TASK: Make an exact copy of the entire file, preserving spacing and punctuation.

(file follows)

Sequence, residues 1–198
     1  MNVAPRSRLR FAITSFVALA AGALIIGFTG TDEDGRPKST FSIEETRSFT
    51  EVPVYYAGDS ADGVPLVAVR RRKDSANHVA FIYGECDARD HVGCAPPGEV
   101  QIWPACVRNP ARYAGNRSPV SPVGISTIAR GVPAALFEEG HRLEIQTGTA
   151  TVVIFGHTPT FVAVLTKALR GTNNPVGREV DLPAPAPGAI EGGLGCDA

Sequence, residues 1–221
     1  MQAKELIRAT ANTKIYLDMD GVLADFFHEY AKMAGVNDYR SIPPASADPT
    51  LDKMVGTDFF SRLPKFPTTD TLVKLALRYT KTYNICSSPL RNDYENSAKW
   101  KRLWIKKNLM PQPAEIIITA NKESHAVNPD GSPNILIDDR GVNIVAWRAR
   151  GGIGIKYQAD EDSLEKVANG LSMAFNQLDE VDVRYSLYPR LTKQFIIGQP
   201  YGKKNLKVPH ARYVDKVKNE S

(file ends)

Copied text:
Sequence, residues 1–198
     1  MNVAPRSRLR FAITSFVALA AGALIIGFTG TDEDGRPKST FSIEETRSFT
    51  EVPVYYAGDS ADGVPLVAVR RRKDSANHVA FIYGECDARD HVGCAPPGEV
   101  QIWPACVRNP ARYAGNRSPV SPVGISTIAR GVPAALFEEG HRLEIQTGTA
   151  TVVIFGHTPT FVAVLTKALR GTNNPVGREV DLPAPAPGAI EGGLGCDA

Sequence, residues 1–221
     1  MQAKELIRAT ANTKIYLDMD GVLADFFHEY AKMAGVNDYR SIPPASADPT
    51  LDKMVGTDFF SRLPKFPTTD TLVKLALRYT KTYNICSSPL RNDYENSAKW
   101  KRLWIKKNLM PQPAEIIITA NKESHAVNPD GSPNILIDDR GVNIVAWRAR
   151  GGIGIKYQAD EDSLEKVANG LSMAFNQLDE VDVRYSLYPR LTKQFIIGQP
   201  YGKKNLKVPH ARYVDKVKNE S